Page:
Let’s first examine what a normal back is like, then go into what a diseased back is and see how pain starts arising. Finally, we will explain how the yoga we are practicing in this centre takes this pain out.

So, how does a normal back looks like? We have two humps in our back: One at the top of the shoulder and the other in the buttocks area. This is how normal back looks like, as long as the spine maintains its rightful curve. The moment these curves change, it becomes imbalanced. We spent all our life bringing our back in non-balance.

Gravity does not spare anyone; look at a coconut tree, this defies nature. If your spine is imbalanced, gravity will still act on your spine and pull you down. Now something has to hold.

Try to resist gravity to maintain your back straight; those are called tensions, and when tensions stay on for a long time they become painful. How do we get rid of this pain?

Our back has become tight and has lost the capabilities for knowing what is straight because of bad habits. Bad habits come from our thinking process. If bad habits were only coming from the body it would be easy to correct. The habit of mental process means “how I think”; we all have a direction of thought; that direction of thought is inspired/influenced by the things that are important for us in our lives such as our desires, our fears all the things we like and dislike etc. Hence, in order to be aligned and to heal a painful back, the first thing to deal with is the mind. We need to take away the mental causes creating imbalances. Why do you think that most physiotherapies do not last long? Because they do not deal with the mind; hence, the old bad posture comes back. Actually, any diseases or pains are stemming from habit pattern of thinking. Fortunately for us, the yogis figured this out long back before science came.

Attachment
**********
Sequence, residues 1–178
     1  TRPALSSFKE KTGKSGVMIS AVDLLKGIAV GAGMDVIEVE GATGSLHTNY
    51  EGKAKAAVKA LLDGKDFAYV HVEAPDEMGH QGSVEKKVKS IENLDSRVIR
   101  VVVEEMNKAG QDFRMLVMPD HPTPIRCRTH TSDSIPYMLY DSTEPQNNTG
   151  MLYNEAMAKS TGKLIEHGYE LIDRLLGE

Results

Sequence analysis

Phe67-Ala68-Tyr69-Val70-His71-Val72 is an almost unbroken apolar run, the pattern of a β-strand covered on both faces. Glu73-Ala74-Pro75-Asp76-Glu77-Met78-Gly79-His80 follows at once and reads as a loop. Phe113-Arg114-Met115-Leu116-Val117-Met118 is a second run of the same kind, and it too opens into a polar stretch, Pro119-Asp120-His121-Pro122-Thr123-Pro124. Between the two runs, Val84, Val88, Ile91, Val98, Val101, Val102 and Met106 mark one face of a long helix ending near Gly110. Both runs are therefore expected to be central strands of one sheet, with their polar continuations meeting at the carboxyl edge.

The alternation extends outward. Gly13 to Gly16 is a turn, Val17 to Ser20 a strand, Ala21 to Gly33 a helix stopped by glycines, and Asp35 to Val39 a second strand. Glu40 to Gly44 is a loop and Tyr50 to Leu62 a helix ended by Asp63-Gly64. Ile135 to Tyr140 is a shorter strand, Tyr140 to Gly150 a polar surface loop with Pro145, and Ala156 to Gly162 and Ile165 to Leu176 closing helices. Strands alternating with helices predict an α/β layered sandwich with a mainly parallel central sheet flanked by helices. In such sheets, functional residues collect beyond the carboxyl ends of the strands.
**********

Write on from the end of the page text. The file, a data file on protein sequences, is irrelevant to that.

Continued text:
What are we doing in our yoga practice? On the first hour that you are with us, we make you feel what is straight, not a conceptual understanding but an experience felt from within. Tadasana is the perfect pose for this to be felt. We point ¬¬out very clearl¬y how you can bring that straightness on a daily basis. We are working on resetting everything in line with gravity so that when something goes out of line, we know it because we feel it in our body.

All the postures that we are doing here are meant for one thing: to release tightness and tensions in various muscles of the body. Pain is coming from contractions. Back bends, forward bends, twists and standing poses, all deal with different muscles and can bring benefit to back pain. Take standing poses; they work on the different layers of muscles which are holding the spine; they are particularly amazing for lower back issues. Back bends are fantastic to counter-act the constant hunching forward which characterises our society’s postural works habits (e.g. sitting in front of the computer). By freeing muscles from tension and tightness, muscles are being provided with the necessary nutrition.

Note that a tight muscle cannot absorb blood properly. Release tension and blood rushes in. This brings healing.

Another very important aspect of the practice is to bring awareness on what it feels like to be balanced. In this yoga, we are reconnecting all our muscles with our brain by becoming aware of the muscles. Awareness arises in every part of the body from doing the programme. When going deep inside our body sensations, one becomes aware and we start understanding by ourselves how to deal with the pain and take it away. The more aware you become, the earlier you start noticing that something is not right and this long before the arising of pain. That is the reason for which daily self-practice is so important! Because every day you have to reach into the cells of your body. Once grown, that awareness changes the way we are doing things in our daily life. Your body intelligence is taking over and your habit patterns are dissolving, slowly but steadily. It is this constant development of body awareness that makes the difference into your day to day life, posture and attitude.

Himalayan Iyengar Yoga Centre
Yoga Master Teacher Sharat Arora



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